Caritas Volunteers Discuss Challenges in War-Torn Regions
Despite the chaotic local circumstances, the international Catholic charity continues to deliver desperately needed aid to the Central African Republic, Venezuela and Somalia.
VATICAN CITY — A murdered missionary sister in the Central African Republic, which continues to be wracked by conflict, drought and Islamist terrorist attacks in Somalia, and shortages of food and human rights violations in Venezuela, are just some of the challenges currently facing Caritas volunteers.
To obtain a clearer idea of the challenging situations on the ground in these particularly troubled countries, the Register spoke to their Caritas representatives who were in Rome last week for Caritas Internationalis’ general assembly.
The event, held every four years, is an opportunity for the federation of Catholic humanitarian agencies to review its progress and policies, elect officials and take key decisions for its future.
Cardinal Dieudonné Nzapalainga, president of Caritas in the Central African Republic, told the Register that a peace agreement in February “brought a lot of hope” so he is “surprised” by the most recent violence.
An armed militia killed at least 49 civilians in an attack May 21, the most deadly since the Khartoum Peace Agreement, signed in Feb. 5, between 14 armed groups.
A day earlier, Spanish Daughter of Jesus missionary Sister Inés Nieves Sancho was found decapitated near her home in the CAR village of Nola. The brutal attack appears to have been unprovoked.
Pope Francis paid tribute to Sister Inés, 77, who was helping poor women to learn how to sew, describing her as “a woman who has given her life for Jesus in the service of the poor.”
“We were all very surprised by this most recent violence,” said Cardinal Nzapalainga, who is the archbishop of Bangui, CAR’s capital. “Violence is not the way,” he said, adding that the international community as well as the government must bring the perpetrators to justice.
“It’s a very fluid situation,” the cardinal continued. “People have fled, it’s difficult to monitor.” Caritas volunteers have been visiting those affected to help provide humanitarian aid, but Cardinal Nzapaliainga said the lack of security is a challenge. “We can’t sacrifice the lives of volunteers,” he said.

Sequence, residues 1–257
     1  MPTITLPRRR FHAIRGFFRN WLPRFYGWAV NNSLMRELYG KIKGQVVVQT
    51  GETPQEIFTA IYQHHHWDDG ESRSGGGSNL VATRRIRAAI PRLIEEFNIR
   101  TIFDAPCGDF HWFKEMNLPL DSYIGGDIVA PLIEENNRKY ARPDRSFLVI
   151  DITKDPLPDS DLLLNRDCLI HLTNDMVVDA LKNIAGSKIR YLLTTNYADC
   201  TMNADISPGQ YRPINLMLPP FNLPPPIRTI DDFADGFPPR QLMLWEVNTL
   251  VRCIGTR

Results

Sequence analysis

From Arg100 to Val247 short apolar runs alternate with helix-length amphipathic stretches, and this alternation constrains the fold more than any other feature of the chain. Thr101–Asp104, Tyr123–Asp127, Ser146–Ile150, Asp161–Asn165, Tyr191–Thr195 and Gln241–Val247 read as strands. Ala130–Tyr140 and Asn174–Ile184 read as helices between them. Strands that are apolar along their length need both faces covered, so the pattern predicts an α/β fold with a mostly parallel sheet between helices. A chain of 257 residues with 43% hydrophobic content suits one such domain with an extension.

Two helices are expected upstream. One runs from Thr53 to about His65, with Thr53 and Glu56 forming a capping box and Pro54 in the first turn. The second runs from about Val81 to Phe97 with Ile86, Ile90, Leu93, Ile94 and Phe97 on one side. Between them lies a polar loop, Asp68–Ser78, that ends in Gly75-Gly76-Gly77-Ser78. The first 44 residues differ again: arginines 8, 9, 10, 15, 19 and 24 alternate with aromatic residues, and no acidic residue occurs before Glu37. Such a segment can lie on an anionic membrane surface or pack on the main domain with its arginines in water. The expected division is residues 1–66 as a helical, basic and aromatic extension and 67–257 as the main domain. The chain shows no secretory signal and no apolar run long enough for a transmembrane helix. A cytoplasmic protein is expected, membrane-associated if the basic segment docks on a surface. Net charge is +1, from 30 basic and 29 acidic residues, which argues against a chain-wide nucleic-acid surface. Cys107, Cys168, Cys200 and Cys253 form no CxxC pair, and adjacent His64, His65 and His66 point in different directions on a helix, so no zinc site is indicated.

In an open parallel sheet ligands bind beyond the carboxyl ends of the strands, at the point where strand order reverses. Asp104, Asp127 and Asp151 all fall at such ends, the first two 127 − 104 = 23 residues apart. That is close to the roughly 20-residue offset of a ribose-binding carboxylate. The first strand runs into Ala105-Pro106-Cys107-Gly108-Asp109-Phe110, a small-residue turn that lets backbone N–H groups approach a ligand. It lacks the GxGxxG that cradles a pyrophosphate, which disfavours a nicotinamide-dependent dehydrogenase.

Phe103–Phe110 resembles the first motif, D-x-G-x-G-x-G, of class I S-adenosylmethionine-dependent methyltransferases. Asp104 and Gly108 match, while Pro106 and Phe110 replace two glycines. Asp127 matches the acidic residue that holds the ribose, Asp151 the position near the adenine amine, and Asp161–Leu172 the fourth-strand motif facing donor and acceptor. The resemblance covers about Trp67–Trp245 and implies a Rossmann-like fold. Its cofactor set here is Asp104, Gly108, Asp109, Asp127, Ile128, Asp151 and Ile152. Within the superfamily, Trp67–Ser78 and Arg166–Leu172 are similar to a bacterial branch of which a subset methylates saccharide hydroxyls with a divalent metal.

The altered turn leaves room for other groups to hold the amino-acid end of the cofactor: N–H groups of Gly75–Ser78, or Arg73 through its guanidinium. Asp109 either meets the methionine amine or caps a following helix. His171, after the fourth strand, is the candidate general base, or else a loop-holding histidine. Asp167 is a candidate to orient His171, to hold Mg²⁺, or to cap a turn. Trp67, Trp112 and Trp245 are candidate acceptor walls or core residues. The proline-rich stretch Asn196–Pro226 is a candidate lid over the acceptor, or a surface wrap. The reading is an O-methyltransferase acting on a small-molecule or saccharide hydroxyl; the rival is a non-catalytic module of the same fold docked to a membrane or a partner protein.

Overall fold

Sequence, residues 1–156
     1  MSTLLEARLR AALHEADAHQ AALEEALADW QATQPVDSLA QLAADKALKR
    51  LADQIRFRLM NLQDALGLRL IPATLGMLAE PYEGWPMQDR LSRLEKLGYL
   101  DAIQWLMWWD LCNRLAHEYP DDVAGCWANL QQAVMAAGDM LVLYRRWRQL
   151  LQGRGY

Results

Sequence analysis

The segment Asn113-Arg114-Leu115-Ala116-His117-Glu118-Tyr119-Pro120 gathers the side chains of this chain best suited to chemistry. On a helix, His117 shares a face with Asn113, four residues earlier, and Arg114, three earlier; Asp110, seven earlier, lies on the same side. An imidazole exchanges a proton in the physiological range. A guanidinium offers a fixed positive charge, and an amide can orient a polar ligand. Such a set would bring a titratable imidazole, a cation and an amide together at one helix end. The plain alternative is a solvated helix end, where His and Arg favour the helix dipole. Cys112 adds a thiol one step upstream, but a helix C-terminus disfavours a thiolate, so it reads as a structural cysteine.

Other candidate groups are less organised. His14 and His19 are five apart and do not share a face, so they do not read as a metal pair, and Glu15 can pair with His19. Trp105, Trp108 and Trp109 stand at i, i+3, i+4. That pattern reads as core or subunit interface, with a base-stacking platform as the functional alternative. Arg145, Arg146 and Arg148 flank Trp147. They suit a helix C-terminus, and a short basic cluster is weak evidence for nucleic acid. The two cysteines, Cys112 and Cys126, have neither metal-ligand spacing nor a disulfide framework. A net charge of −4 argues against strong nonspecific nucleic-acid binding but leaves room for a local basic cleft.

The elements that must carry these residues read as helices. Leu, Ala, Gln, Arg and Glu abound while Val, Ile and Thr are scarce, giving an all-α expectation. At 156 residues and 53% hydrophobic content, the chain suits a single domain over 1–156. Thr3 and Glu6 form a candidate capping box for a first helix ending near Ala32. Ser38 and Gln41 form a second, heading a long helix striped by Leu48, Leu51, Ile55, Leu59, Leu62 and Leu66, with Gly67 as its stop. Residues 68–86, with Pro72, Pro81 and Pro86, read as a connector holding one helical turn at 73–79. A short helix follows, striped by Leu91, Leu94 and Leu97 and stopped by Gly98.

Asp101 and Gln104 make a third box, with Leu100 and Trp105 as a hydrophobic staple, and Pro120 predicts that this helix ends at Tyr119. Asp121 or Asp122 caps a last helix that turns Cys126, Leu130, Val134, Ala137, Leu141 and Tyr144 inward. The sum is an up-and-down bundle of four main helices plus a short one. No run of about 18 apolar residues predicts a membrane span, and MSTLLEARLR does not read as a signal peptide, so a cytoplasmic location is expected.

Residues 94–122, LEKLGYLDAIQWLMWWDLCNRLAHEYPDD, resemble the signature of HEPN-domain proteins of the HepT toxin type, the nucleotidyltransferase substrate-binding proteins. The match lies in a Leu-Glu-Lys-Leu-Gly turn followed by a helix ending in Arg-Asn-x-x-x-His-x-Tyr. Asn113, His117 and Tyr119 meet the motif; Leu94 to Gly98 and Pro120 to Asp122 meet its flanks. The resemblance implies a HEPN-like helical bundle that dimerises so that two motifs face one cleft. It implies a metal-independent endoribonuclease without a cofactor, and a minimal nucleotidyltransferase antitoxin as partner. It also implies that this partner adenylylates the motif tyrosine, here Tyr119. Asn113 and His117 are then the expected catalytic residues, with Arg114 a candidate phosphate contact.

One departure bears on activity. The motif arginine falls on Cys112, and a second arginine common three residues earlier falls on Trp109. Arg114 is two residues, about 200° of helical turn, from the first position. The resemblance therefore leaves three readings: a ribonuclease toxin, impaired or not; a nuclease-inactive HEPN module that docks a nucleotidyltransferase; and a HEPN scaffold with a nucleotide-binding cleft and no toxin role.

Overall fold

The country’s warlords, who claim to defend an ethnic or religious group, control about 80% of country and are mainly fighting over access to the country’s rich mineral wealth. The cardinal said they “manipulate” the situation in the country, mostly made up of Christians, animists and Muslims, to “make people believe it’s about religion, but it’s not.”
In 2015, the CAR’s Interfaith Peace Platform won the prestigious Sergio Vieira de Mello Award for its work in trying to reconcile religious groups divided by the current conflict.
Cardinal Nzapalainga, who was elevated to cardinal in 2016, said Pope Francis’ visit to the country that year was “really like a balm of mercy and love,” especially as “no one goes to a war zone, but he came to this war-torn country and we understood he was a pope for the poor.”
Asked whether the Vatican could mediate a lasting peace, as was attempted with South Sudan last month, the cardinal said the Sant’Egidio community is already “working with the Vatican on that.” He said peace negotiations are a “very delicate work,” looking at “imperfections” and “trying to correct them.” Such a process requires “discernment,” he said, “constant watching the signs, and then just building on what they’ve got.”
As the Latin American nation’s economy continues to implode (its economy contracted 22.5% percent in the third quarter of 2018 and its April inflation rate soared to 33.8%), Venezuelans are suffering shortages of vital goods.
“There’s almost no food, eighty percent of the supermarkets are empty, and seven million Venezuelans rely on the help of others so they can buy food,” said Janeth Marquez, the country’s Caritas representative, explaining that many are forced to buy food in Colombia and other nearby places abroad.